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Note: This is almost certainly an elementary problem with a well known solution. Therefore pointers to existing references will be accepted as good answers.

Question: Given a cycle with exactly $n$ vertices, how many distinct chords are possible?

This question is motivated by the definition of chordal graph, which only requires the cycles in the graph to have chords if the cycles have four or more vertices.

Doodling on paper I realized that this is because, for the smallest possible number of vertices in a cycle, namely three, the existence of a chord is impossible. But as soon as the cycle contains at least four vertices the existence of a chord is possible.

For the four-vertex cycle, it seems that there are only two possible chords. Since a chord is formed between two distinct vertices in a cycle, and $2$ might be the first term in a sequence of coefficients of the form $\binom{f(n)}{2}$ for some $f(n)$, I thought that the solution might be similar to the handshake problem and involve $\binom{n}{2}$ or $\binom{n-1}{2}$ somehow.

But this seems to fail already when $n = 5$, because instead of getting $\binom{4}{2} = 6$, which I had expected, instead I counted 5 distinct chords. So then I thought that maybe the answer is the Catalan numbers, since after $1$ they start with $2,5,\dots$, have a form similar to the $\binom{n}{2}$ from the handshake problem, and show up in all sorts of unexpected places.

But this conjecture also fails, since for the cycle with $n=6$ vertices I counted 9 (or maybe 8) distinct chords, and this obviously isn't the third non-unit Catalan number 14, nor is it $\binom{5}{2} = 10$. I somewhat expect the numbers/sequences to differ for odd and even number of vertices however, for a reason analogous to why a graph is Eulerian if and only if each of its vertices has even degree.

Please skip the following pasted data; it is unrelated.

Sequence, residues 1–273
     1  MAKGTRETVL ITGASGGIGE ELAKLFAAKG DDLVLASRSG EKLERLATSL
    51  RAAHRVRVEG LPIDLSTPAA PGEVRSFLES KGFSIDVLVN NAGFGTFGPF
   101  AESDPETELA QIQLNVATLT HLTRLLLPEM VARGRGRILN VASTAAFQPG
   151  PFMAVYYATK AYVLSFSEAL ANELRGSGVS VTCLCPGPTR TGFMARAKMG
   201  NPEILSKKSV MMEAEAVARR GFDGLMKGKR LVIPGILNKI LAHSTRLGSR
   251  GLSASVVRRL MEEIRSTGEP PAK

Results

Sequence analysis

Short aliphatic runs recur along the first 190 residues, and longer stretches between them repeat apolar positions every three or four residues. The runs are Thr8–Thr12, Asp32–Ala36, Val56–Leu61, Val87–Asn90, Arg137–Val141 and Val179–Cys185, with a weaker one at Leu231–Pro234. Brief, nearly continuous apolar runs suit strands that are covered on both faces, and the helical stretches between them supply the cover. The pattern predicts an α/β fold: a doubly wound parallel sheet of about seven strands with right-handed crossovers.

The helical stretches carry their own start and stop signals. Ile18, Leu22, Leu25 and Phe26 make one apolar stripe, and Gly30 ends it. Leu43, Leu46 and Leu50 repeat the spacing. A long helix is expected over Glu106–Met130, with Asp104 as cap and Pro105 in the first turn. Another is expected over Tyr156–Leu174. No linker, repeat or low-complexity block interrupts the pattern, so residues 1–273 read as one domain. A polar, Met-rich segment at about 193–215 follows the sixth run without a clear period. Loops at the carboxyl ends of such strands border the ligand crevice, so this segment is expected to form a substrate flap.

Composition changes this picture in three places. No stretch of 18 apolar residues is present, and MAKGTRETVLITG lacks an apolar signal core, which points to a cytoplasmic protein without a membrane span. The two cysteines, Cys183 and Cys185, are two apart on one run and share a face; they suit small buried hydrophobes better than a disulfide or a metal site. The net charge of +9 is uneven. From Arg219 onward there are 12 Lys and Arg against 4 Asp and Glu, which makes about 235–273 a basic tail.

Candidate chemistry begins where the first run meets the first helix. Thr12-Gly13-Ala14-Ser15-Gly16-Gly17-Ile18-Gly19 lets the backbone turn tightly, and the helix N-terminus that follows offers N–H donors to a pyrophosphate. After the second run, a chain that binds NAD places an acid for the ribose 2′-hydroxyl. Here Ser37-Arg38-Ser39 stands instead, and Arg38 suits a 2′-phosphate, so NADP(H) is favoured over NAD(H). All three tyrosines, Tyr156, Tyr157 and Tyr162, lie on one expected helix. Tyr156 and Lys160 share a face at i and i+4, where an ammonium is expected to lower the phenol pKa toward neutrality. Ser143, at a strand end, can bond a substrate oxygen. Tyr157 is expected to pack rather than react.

I would like to know the answer not only out of sheer curiosity, but also for some intuitive insight into how one can then go on to count the number of possible chordal completions of a graph (which one then uses to calculate the treewidth) -- that is all outside the scope of this question however.

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    $\begingroup$ The answer is $n(n-3)/2$. $\endgroup$ – Yuval Filmus Dec 1 '17 at 7:01
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A chord consists of a vertex $i$ and a different nonadjacent vertex $j$. There are $n$ options for $i$, and $n-3$ options for $j$ (since we can't choose $i$ or any of its two adjacent vertices). Since we can switch $i,j$ and get the same chord, we have to divide by 2. Overall, we get that the number of chords is $$ \frac{n(n-3)}{2}. $$ When $n=3,4,5,6$, this gives $0,2,5,9$, matching your values.

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Based on the Online Encyclopedia of Integer Sequences page on this sequence and it’s references, it seems that the answer to this question is not known.

The answer is known for labeled chordal graphs via a rather non-elementary approach.

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